Subway station architects intend to cheer you up

Nov 17, 2008 04:30 AM- Article on the Toronto Star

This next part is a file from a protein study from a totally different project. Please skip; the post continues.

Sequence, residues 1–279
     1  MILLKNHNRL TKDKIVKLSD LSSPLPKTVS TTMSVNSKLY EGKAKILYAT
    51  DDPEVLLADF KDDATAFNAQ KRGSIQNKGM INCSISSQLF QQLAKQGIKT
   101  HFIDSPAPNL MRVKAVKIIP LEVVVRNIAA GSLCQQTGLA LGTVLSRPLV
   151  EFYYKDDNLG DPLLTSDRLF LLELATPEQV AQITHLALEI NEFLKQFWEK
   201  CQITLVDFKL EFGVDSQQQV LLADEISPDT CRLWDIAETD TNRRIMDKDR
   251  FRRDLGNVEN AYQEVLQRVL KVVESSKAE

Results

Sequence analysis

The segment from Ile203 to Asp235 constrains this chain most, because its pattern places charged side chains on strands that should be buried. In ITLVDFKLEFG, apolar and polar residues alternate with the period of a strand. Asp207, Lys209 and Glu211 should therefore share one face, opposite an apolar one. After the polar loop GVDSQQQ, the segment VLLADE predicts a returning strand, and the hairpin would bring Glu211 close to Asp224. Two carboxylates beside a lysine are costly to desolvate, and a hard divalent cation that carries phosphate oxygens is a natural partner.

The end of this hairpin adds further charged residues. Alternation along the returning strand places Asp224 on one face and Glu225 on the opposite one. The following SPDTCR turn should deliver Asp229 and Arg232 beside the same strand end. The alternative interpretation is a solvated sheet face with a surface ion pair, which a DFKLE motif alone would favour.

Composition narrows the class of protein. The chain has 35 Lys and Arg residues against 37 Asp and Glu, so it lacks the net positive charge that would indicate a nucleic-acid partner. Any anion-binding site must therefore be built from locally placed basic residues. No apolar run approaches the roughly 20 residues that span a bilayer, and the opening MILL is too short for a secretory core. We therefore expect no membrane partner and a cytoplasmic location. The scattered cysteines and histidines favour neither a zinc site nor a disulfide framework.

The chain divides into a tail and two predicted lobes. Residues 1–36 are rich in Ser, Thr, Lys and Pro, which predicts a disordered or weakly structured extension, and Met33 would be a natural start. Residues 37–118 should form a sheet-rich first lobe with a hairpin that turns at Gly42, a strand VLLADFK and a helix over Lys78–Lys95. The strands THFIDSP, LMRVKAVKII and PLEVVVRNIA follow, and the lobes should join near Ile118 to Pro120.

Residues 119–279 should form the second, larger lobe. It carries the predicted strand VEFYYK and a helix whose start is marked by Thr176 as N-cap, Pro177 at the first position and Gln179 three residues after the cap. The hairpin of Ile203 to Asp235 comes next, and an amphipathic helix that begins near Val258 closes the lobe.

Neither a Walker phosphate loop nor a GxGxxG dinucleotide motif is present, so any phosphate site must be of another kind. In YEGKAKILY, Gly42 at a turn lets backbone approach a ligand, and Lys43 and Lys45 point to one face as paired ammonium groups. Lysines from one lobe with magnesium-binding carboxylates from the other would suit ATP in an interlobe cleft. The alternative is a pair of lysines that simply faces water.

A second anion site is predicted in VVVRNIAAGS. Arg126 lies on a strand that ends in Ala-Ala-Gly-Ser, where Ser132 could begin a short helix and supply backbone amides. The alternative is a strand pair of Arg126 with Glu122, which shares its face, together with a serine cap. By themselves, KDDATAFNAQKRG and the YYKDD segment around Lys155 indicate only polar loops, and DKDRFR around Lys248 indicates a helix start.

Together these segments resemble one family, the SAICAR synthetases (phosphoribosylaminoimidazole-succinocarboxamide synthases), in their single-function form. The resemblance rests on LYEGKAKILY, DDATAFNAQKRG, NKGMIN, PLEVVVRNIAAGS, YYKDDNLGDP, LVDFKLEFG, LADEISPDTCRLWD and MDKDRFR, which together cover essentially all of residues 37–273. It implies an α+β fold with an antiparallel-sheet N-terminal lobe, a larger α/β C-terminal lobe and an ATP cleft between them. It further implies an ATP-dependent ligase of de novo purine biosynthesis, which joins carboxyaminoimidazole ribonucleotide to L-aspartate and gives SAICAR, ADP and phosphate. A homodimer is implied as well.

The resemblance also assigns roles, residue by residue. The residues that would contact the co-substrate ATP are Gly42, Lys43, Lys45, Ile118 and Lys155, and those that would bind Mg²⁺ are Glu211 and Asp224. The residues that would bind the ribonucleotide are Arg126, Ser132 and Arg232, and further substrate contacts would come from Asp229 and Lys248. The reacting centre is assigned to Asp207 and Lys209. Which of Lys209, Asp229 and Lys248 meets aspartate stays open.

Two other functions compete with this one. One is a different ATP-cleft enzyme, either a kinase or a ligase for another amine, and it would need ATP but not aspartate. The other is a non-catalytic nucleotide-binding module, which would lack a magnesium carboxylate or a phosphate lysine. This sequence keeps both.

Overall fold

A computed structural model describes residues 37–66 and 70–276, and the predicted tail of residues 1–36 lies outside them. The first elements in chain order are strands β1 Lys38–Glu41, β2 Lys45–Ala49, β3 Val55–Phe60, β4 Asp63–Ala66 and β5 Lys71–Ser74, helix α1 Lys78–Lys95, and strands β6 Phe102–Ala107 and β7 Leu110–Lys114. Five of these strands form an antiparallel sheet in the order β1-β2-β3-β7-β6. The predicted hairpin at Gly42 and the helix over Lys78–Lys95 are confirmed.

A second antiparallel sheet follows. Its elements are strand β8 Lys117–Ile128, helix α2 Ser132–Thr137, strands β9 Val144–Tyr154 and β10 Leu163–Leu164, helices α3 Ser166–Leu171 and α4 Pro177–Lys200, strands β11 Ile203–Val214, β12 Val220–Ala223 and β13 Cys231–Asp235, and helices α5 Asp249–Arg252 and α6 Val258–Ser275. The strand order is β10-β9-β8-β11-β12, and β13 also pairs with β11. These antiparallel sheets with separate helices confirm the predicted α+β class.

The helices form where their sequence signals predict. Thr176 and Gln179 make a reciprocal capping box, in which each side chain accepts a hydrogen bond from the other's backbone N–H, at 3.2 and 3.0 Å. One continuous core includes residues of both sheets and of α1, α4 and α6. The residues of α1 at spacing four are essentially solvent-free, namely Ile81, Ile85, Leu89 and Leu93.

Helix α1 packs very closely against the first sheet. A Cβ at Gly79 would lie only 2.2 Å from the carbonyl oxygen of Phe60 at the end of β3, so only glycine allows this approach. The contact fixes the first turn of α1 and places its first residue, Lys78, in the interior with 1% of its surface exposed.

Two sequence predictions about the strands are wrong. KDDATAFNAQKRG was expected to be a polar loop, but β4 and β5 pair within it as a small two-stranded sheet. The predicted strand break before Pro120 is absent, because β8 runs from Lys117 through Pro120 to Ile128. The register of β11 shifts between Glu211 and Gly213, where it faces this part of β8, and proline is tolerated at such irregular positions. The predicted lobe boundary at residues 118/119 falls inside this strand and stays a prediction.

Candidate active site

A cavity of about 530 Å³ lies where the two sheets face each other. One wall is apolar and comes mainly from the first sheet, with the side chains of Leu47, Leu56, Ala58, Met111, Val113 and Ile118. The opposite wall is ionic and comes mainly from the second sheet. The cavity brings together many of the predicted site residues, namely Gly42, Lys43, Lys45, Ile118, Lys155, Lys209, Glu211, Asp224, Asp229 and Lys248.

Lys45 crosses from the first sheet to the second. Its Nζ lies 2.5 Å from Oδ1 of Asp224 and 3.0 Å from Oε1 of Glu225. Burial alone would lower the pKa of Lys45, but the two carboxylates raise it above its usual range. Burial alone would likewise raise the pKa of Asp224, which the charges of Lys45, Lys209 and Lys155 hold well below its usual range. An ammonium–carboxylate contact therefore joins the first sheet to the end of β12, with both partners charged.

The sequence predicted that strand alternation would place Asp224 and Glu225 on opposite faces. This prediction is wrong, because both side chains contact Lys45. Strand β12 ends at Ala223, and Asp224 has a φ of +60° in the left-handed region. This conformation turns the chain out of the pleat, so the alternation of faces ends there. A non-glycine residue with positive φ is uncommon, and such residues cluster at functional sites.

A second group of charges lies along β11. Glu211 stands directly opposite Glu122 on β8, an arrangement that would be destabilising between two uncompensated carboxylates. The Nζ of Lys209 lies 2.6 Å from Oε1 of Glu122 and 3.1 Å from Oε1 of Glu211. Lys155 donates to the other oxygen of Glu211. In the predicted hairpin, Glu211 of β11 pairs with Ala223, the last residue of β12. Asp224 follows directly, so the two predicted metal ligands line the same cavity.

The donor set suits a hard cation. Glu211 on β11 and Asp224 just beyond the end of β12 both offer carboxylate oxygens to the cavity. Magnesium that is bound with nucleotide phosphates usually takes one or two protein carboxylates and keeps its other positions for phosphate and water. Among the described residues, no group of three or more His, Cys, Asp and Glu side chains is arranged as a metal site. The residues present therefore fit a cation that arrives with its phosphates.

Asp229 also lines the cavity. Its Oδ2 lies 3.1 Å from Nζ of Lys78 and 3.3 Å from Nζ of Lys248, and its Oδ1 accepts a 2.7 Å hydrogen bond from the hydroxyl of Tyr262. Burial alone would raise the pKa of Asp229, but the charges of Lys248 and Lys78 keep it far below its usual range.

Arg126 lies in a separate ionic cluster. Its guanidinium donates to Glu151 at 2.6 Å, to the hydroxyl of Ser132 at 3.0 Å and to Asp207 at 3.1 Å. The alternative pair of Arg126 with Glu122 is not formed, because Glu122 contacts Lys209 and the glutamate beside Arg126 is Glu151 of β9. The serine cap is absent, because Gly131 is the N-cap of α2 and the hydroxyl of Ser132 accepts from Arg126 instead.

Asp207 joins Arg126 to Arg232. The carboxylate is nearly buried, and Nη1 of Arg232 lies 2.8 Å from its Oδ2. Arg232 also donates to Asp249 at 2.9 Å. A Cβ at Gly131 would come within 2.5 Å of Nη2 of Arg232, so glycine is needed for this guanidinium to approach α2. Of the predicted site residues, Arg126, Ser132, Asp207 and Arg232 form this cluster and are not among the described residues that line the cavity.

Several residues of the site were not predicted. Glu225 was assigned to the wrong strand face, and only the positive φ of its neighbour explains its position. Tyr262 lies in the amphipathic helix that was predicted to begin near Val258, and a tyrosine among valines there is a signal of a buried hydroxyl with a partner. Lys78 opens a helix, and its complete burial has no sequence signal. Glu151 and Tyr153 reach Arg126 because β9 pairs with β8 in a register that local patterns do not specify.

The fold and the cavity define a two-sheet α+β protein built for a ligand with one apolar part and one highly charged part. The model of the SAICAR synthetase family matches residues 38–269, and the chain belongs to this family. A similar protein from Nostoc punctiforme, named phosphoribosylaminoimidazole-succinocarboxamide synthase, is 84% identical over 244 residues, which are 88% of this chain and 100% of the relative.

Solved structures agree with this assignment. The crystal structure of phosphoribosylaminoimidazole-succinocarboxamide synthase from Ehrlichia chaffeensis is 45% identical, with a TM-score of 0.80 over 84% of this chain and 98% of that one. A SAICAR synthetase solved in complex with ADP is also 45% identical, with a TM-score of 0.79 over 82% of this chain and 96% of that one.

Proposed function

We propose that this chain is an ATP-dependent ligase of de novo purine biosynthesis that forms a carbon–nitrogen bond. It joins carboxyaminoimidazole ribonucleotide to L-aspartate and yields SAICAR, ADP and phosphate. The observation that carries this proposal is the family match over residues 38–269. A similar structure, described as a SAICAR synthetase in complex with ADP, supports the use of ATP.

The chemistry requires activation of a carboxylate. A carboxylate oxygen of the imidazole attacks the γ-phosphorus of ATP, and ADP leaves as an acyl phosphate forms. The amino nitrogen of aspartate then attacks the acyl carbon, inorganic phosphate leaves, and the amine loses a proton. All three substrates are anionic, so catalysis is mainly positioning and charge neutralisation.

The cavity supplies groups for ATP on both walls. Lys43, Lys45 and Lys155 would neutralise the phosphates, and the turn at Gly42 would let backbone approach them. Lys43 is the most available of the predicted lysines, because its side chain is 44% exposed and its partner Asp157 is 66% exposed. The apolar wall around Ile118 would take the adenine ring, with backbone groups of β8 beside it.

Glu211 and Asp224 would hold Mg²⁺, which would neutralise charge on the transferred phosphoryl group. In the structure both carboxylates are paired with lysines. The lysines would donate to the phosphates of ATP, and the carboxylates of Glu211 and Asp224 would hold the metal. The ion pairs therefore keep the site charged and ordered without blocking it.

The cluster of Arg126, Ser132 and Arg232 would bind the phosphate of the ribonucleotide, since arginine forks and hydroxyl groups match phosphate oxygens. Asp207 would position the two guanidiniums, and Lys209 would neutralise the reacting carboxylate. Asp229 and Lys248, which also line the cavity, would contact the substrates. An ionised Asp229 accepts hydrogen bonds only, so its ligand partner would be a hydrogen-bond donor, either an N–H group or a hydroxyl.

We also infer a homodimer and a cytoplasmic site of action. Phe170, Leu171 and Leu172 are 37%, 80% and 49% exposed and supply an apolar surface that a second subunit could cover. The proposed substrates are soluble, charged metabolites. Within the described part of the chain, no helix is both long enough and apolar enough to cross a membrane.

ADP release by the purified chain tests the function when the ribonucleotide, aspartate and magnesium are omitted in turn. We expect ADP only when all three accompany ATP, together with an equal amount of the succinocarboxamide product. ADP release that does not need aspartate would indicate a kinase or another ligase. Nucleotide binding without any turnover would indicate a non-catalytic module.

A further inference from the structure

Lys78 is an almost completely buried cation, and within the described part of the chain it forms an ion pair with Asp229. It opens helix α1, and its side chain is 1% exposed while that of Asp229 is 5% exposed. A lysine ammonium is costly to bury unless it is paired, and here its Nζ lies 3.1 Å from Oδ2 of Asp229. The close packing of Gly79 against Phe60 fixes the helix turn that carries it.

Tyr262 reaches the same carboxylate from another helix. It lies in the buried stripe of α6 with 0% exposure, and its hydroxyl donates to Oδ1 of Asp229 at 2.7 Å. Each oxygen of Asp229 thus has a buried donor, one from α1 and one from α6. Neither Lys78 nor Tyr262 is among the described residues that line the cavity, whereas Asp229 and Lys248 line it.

Welcome to the better Better Way.In anticipation of the extension of the Spadina subway north from Downsview, the TTC has hired a gaggle of globe-trotting architects to design six new stations.Among them are two leading U.K. practitioners, Will Alsop and Norman Foster, both of whom have worked in Toronto. Alsop, of course, is the author of the celebrated "flying tabletop" at the Ontario College of Art and Design. Foster's only local project is the University of Toronto's Leslie Dan Pharmacy Building."If you can cheer someone up for a few minutes," Alsop declares, "it's worth it."Though in its early stages, Alsop says his design will focus on bringing natural light and fresh air down into the bowels of the stations, which cost $8 to $15 million each. Recognizing that transit travel can be brutal, especially during the cold and dark of winter, Alsop wants to improve the experience."Is it possible to be a bold and beautiful subway station?" asks Alsop. "I think it is."Certainly, if any architect could pull it off, he'd be the one. Known as a visionary, if a slightly hallucinatory one, Alsop has the rare ability to build icons that don't forget their purposes. OCAD is a perfect example; what might appear to be just an outlandish building-on-stilts solved a number of practical issues of school closure, adequate classroom space and landscaping."It'll have a lot to do with light," he explains. "These stations occupy a large volume and we don't want to fill them up with unnecessary stuff. If we get it right, you'll be quite happy to sit on a bench and wait for a train."Alsop has worked on the London Underground, as has Foster, whose firm designed the enormous stop at Canary Wharf. He also did the subway stations in Bilbao, Spain, and their shell-like entrances, known locally as "Fosterinos.""Slowly, a transformation is happening at the TTC," says commission chair Adam Giambrone. "The RFP (request for proposals) was sent out in a way that would attract architects from around the globe. The decision was informed by a renewed sense of the importance of the civic realm. We have to live with these buildings in our neighbourhoods. Design matters. You need to provide more than a concrete box."That may not sound like the TTC talking, but don't forget that Yorkdale Station was designed by Canada's most acclaimed architect, Arthur Erickson, and that a number of the country's best-known artists have contributed works.In other words, there are precedents. Even the ill-fated Sheppard Line incorporates artworks into the very structure of the stations.Best of all, Giambrone insists, the federal and provincial cheques for the extension, $698 million and $1.1 billion respectively, have cleared. Add to that $400 million from York Region and $600 million from Toronto."We actually have the money in the bank," Giambrone says. "The project has already begun."But, he points out, "I've learned that you have to watch these things to make sure you don't get cut back at the last minute."It remains questionable why these stations – all free-standing structures – won't be incorporated into larger buildings, office or residential towers, as are many here and abroad. Much has been said about urban intensification, getting people out of cars and into public transit. Thus the need for a seamless infrastructure that begins where the front door ends.Because most stations include bus bays, they will have bigger footprints; yet even these could be fitted into or under larger developments. Sooner or later, this will happen. The train has already left the station.[email protected]

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